I was very outgoing. I needed to know everybody, I guess I could back up and tell you a story about my parents always said that when they put me in the nursery at church, they had one person to take care of all the other kids and one person to take care of me. And I was just that kid that was running around in the neighborhood and meeting everybody.
And when we moved to Columbus, Georgia, the beginning of the summer, before I started the third grade, it was no different.
I introduced everybody in the neighborhood to my parents. I spent all day at the pool because, oh my God, Mahan, we had a neighborhood pool and I could just walk to the pool by myself and go down there because there was a lifeguard.
I just thought it was the best place in the world to be until I started school. And when I started school, here I am, this kid who nobody knows, who became very, very dark skinned throughout the summer because I spent so much time in the pool and I had this very short curly hair. And I go to the bus stop and I was excited about being on a bus. I was in too small of a town that they didn't have buses that took us to school. My mom had to take me to school every day.
When I was at the bus stop, I was trying to meet everybody, just like every other place I've went to in my neighborhood in Columbus. And all of a sudden these older kids came up to me and they started calling me the N word.
And I will never forget that for as long as I live, it was very hard. And I know that there are a lot of people listening who had to deal with that, but it gave me a perspective on what it felt like and what it feels like to be judged based upon how you look. And I could never presume to try to put myself in the shoes of someone who is black or brown or any other ethnicity that has to deal with it every single day.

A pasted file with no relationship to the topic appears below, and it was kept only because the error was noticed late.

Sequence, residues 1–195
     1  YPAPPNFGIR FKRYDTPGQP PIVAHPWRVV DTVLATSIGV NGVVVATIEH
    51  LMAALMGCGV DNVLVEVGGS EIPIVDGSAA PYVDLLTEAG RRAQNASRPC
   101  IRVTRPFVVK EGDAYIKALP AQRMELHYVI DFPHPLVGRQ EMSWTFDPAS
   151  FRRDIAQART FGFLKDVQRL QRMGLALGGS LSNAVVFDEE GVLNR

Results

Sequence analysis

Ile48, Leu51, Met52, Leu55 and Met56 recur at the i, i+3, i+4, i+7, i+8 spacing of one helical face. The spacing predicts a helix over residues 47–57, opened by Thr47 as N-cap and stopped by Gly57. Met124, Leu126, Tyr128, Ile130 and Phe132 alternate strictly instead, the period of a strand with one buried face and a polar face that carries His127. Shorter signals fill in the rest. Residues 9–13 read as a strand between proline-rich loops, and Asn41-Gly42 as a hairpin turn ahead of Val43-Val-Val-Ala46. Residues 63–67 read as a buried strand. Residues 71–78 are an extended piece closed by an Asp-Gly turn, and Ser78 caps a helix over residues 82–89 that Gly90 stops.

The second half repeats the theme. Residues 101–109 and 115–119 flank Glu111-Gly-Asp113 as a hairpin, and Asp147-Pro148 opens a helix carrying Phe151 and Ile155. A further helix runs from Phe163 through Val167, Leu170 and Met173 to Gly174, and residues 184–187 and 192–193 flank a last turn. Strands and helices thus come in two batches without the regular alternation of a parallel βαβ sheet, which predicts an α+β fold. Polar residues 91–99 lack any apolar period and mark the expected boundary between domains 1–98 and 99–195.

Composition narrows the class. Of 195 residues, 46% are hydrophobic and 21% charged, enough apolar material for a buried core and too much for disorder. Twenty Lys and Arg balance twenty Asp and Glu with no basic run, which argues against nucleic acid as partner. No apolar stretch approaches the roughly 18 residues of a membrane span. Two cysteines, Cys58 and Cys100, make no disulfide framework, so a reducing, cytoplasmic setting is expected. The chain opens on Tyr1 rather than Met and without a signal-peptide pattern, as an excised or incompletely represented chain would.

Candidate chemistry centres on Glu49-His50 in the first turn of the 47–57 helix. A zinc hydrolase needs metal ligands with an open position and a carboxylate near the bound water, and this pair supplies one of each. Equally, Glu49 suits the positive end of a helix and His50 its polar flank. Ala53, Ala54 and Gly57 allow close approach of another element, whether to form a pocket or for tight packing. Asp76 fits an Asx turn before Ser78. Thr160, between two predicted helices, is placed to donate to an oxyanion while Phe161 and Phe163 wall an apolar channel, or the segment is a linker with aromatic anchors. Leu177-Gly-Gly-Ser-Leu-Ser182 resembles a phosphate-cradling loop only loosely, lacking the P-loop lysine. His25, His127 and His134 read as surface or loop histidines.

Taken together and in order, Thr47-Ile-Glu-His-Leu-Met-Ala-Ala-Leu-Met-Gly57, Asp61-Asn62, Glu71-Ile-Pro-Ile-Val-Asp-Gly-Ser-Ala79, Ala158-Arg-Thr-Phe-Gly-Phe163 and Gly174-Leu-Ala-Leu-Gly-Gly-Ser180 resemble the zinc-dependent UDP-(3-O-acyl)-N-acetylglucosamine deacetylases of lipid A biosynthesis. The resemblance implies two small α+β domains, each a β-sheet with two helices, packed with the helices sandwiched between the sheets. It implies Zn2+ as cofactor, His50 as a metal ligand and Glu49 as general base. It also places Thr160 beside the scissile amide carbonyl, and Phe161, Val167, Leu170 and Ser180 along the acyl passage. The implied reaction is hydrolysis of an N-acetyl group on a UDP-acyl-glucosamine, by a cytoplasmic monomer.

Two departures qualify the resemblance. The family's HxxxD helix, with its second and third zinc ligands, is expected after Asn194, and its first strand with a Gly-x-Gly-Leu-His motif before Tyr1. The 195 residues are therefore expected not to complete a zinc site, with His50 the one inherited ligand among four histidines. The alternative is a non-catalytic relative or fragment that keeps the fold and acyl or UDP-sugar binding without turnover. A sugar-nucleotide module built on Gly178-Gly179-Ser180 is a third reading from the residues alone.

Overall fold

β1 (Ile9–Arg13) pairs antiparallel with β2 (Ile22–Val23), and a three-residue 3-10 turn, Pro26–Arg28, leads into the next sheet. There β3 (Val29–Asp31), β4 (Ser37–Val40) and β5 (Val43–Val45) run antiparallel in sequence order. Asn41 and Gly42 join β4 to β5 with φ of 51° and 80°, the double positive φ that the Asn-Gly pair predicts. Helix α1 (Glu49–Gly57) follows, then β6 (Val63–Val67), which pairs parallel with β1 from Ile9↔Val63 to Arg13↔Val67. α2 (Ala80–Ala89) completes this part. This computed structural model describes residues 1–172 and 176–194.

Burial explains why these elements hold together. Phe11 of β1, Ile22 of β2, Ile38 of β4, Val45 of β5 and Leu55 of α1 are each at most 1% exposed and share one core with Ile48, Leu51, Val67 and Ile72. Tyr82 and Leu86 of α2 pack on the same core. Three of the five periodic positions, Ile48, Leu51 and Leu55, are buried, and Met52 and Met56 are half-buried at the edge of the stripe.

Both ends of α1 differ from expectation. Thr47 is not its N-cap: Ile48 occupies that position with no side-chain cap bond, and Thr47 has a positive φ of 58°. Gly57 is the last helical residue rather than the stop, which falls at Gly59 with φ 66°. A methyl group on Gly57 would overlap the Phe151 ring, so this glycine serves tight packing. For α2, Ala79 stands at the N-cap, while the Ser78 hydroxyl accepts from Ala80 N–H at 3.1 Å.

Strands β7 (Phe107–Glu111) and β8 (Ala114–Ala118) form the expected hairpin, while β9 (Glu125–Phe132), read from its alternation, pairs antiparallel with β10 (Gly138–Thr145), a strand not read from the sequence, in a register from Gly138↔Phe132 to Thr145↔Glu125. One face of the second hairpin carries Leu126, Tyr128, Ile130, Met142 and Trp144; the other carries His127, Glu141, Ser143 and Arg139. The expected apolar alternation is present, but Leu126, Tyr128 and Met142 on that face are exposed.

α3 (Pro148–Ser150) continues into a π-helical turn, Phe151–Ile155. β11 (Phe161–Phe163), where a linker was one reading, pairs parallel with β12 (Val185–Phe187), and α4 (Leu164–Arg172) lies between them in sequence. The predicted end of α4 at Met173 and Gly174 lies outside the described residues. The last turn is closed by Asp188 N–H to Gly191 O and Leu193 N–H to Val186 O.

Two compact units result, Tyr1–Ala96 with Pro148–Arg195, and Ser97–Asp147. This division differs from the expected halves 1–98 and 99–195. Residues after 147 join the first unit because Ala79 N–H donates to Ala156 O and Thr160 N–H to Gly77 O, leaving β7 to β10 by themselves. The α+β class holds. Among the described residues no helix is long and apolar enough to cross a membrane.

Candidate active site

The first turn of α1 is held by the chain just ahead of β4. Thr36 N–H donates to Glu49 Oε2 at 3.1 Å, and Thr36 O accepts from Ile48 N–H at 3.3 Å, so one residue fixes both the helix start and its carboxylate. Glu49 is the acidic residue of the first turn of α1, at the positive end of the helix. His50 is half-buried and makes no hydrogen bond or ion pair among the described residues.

But it was a pivotal moment for me in terms of me knowing what it felt like, and knowing that I did not want ever look at people and judge them simply based upon their appearance.
[00:06:17] Mahan Tavakoli: It's incredible Diane, how that experience as you mentioned, even for one bus ride had an impact on you and how you perceive the world. We can't necessarily put ourselves fully in the place of other people and the experiences that they go through and many experiences that people of color have gone through, over many years and decades. How has that experience, shifted how you view the world around you?
[00:06:52] Diane Tipton: I will say that it wasn't one experience. It kept happening to me for a couple of years, and it was significant enough that my parents moved from Columbus, because we couldn't get beyond it unfortunately.
We couldn't get beyond the prejudice against me and how people treated me. And my father had to commute for the next four years of his life from LaGrange to Columbus, which, no interstates then back roads. And it took them a little over an hour and a half each way.
But, I will say that it is something that I think about in terms of every interaction I have with people. And I want to make sure I look at people as themselves and as they present themselves to me and not based upon their appearance.
[00:07:50] Mahan Tavakoli: You have a tremendous ability to engage with and connect with other people's humanity regardless of how they present themselves on the outside, Diane, and it's these experiences in life that shape us into who we become.
As you then grew up, you decided to stay close to home and go to university of Georgia. What did you want to do? And what did you want to become at that stage of life Diane?
[00:08:20] Diane Tipton: There were not that many women role models for me that weren't teachers and teachers are completely fine role models, but that was just not something that I knew I wanted to do. There was this friend of mine and her mom was an interior decorator. I thought that would be a great thing for me to do.
And I decided that I would go to the university of Georgia and I would study art history. I start with art history and I love all the history courses and I put off and put off as long as I can, but I finally have to take an art class. I take the art class as I must do, because hello, I'm getting an art degree and I go into this wonderful studio, got these big long tables, there's all this wonderful light coming into the studio. It's just a beautiful setting. And they put an easel in front of me and the guy says draw, and he looks over my shoulder and he's like, huh. this sort of goes on.
And then we have a project that we have to do. And he says, pick an artist, pick a particular painting by this artist and you must do a painting. I am really nervous by this point in time. This is probably halfway through the course and I am definitely on his bad list.